The Story of the American Expeditionary Forces
An Interim Report
By Website Editor Michael E. Hanlon
Later Revisions/Additions in Red
A. The Coinage of Doughboy
For us today, and maybe for all Americans who will follow, the Doughboys were the men America sent to France in the Great War, who licked Kaiser Bill and fought to make the world safe for Democracy.
The expression doughboy, though, was in wide circulation a century before the First World War in both Britain and America, albeit with some very different meanings. Horatio Nelson's sailors and Wellington's soldiers in Spain, for instance, were both familiar with fried flour dumplings called doughboys, the predecessor of the modern doughnut that both we and the Doughboys of World War I came to love. Because of the occasional contact of the two nation's armed force and transatlantic migration, it seems likely that this usage was known to the members of the U.S. Army by the early 19th century.
Nelson and Wellington
Their Men Knew About Doughboys
Independently, in the former colonies, however, the term had come to be applied to baker's young apprentices, i.e. dough-boys. Again, American soldiers probably were familiar with this usage, but were also possibly inclined to use it in a mocking fashion. The New World version of doughboy was a linguistic cousin to "dough-head", a colloquialism for stupidity in 19th Century America. Reader Judith Kerman, Professor of English at Saginaw Valley State University, points out that, in Moby-Dick (Ch. 34ff), Melville nicknames the timorous cabin steward "Doughboy." This important 19th Century literary usage suggests a negative comparison of the steward's pale face to the darker faces of the sun-burnt whalers and "savage" harpooneers. When doughboy was finally to find a home with the U.S. Army it initially had a similar disparaging connotation, used most often by cavalrymen looking down [quite literally] on the foot-bound infantry.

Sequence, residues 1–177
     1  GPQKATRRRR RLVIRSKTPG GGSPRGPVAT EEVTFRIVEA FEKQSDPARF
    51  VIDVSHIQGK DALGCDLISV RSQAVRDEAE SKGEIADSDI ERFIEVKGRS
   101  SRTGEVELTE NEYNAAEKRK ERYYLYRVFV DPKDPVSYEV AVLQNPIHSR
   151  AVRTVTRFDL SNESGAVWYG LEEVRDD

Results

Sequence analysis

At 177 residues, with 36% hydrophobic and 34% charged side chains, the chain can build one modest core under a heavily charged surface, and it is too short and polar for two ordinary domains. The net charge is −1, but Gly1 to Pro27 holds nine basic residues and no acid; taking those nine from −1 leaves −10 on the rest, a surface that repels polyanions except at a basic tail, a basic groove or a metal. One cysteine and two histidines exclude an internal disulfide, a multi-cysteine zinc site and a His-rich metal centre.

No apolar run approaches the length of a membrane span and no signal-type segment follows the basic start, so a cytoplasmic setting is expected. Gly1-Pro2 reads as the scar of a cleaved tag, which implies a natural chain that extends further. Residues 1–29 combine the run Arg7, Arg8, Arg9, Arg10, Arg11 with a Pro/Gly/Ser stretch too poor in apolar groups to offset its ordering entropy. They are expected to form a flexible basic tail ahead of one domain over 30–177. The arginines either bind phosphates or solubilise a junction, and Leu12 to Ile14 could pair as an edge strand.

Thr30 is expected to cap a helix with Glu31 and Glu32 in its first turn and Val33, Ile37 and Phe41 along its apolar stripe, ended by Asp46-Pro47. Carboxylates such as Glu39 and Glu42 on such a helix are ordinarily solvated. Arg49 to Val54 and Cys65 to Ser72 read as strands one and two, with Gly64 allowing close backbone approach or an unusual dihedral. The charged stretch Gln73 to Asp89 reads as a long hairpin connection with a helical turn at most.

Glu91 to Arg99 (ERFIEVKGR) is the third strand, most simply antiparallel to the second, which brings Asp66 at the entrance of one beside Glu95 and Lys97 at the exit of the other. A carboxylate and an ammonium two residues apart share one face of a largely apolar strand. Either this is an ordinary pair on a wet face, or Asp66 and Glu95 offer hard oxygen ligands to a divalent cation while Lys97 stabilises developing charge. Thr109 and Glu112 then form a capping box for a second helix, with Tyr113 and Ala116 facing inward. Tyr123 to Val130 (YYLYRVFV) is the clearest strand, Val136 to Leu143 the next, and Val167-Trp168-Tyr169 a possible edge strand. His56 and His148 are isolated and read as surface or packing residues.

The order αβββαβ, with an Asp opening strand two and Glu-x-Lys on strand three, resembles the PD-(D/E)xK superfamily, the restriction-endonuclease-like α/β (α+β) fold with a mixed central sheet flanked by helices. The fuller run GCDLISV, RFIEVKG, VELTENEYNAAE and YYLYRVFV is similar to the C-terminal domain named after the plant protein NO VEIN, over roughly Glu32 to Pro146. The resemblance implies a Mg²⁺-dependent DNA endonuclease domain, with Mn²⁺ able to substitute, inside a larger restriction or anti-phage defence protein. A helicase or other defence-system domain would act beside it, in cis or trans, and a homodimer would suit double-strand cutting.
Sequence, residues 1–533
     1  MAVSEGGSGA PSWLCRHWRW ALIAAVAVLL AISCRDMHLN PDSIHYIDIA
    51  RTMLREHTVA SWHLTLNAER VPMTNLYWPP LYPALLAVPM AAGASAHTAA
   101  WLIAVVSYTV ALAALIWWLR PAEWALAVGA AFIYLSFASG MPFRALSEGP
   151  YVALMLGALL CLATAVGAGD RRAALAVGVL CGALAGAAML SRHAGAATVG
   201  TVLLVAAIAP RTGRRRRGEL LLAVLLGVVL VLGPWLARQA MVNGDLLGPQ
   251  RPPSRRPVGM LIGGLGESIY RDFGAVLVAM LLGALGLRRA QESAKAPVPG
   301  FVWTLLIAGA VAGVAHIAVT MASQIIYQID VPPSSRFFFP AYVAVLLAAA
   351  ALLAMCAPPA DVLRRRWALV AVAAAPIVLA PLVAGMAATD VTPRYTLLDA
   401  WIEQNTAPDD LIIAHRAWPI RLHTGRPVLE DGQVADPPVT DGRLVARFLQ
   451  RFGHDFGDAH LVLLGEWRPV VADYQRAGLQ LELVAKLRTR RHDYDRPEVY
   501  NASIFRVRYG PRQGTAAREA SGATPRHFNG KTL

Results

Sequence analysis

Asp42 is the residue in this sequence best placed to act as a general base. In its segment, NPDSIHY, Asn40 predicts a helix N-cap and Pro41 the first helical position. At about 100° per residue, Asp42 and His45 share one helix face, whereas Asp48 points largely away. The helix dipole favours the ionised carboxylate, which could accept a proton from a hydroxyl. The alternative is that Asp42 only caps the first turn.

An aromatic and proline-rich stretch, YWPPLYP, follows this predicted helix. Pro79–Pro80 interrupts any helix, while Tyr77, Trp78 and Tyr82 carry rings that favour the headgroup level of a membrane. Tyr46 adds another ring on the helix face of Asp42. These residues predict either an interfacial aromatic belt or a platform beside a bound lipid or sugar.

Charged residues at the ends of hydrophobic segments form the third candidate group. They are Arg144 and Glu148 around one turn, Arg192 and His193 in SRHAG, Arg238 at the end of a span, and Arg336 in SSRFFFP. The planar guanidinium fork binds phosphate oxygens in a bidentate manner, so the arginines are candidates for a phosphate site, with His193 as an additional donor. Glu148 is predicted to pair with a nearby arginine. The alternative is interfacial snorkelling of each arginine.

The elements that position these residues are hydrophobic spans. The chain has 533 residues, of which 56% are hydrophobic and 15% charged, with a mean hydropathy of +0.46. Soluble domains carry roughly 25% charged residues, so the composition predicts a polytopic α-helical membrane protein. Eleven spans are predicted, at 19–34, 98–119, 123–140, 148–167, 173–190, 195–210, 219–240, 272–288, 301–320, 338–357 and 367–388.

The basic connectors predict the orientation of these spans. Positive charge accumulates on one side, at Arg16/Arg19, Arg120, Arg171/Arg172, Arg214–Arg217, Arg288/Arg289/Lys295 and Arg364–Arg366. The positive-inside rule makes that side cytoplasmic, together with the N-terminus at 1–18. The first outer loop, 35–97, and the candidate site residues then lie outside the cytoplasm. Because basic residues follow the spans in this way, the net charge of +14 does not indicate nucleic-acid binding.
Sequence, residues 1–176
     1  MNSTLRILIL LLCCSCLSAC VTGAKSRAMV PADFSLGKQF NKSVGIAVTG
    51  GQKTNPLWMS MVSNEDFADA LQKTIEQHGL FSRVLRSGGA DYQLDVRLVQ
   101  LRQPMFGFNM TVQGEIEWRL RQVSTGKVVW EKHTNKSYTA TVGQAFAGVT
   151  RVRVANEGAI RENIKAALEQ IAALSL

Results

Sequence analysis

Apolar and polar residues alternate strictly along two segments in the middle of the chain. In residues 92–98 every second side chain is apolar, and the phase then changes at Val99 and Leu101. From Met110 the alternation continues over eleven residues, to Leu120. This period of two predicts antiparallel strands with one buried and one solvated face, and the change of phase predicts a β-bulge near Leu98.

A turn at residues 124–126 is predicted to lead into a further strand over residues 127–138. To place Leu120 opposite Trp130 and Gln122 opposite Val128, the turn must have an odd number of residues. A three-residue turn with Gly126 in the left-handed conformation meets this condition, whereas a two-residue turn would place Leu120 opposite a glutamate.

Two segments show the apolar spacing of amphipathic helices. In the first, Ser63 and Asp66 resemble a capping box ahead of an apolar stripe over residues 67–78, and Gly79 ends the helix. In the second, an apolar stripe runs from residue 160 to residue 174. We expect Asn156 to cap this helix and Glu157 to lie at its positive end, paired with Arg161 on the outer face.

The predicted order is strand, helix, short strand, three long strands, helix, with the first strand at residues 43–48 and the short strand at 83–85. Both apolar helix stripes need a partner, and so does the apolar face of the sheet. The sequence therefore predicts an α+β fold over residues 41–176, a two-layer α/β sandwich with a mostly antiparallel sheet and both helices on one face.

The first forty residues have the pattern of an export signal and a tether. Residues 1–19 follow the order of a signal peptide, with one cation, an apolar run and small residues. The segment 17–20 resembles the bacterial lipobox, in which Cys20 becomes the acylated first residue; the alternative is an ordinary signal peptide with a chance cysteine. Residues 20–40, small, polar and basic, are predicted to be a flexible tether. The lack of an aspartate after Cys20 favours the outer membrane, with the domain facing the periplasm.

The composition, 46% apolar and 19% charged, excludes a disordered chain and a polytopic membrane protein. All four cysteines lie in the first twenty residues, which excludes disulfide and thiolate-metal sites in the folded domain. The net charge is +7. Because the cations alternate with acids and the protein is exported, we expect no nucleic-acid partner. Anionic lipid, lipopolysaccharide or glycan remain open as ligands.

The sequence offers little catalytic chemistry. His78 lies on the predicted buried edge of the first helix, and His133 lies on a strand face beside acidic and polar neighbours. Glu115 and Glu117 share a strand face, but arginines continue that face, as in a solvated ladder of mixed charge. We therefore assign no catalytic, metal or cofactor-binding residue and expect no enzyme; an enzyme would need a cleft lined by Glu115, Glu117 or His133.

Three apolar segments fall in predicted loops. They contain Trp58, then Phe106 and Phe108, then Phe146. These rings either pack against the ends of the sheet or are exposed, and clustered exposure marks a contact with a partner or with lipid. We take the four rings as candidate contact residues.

In examining the evolution of doughboy these pre-existing streams of application need to be kept in mind. There is, however, an absence of literary citations clearly connecting either to the American miliary. Doughboy as applied to the infantry of the U.S. Army first appears, without any precedent that can be documented, in accounts of the Mexican-American War of 1846-47.
Doughboy as American Infantryman
The First Doughboys Capture Monterey, Mexico
The Random House Historical Dictionary of American Slang cites several sources from the War with Mexico showing doughboy to be a nickname for the infantry including:
We "doughboys" had to wait for the artillery to get their carriages over.
N.J.T. Dana [An infantryman]
No man of any spirit and ambition would join the "Doughboys" and go afoot.
Samuel Chamberlain [A Dragoon]
Sources like these clearly put to rest both the oft-stated proposition that doughboy as we mean it here was first applied in the Civil War and also the wilder suggestion that the usage was somehow a creation of the noted "Cavalry Couple", General and Mrs. George Armstrong Custer. Both the Civil War and the Custers did help in spreading the use of doughboy. Clearly from the number of Civil War citations that can be identified, the term became known to a much wider audience because of the size and scope of the later conflict. The Custers, being the shameless self-promoters they were, probably can be credited for popularizing it as well because of its appearance in their published letters.
Somewhere, however, on the march back from Mexico's Halls of Montezuma, any definitive evidence explaining the new use of doughboy was waylayed. For the next 150 years lexicographers from H.L. Mencken to the editors of the Oxford English Dictionary would speculate on the reasons for the labeling of U.S. infantrymen as doughboys. Despite their distinguished achievements they all have the same dual problem as the present writer: there just are not a lot of reliable primary sources from that period and, of course, none of us were there. Absent the discovery of new material from the 1840s, an exploration into the origins of doughboy has but one way to proceed -- looking at the pros and cons of the plausible theories and weighing the evidence. There are four such explanations each with their school of advocates, each with weaknesses in either evidence or logic.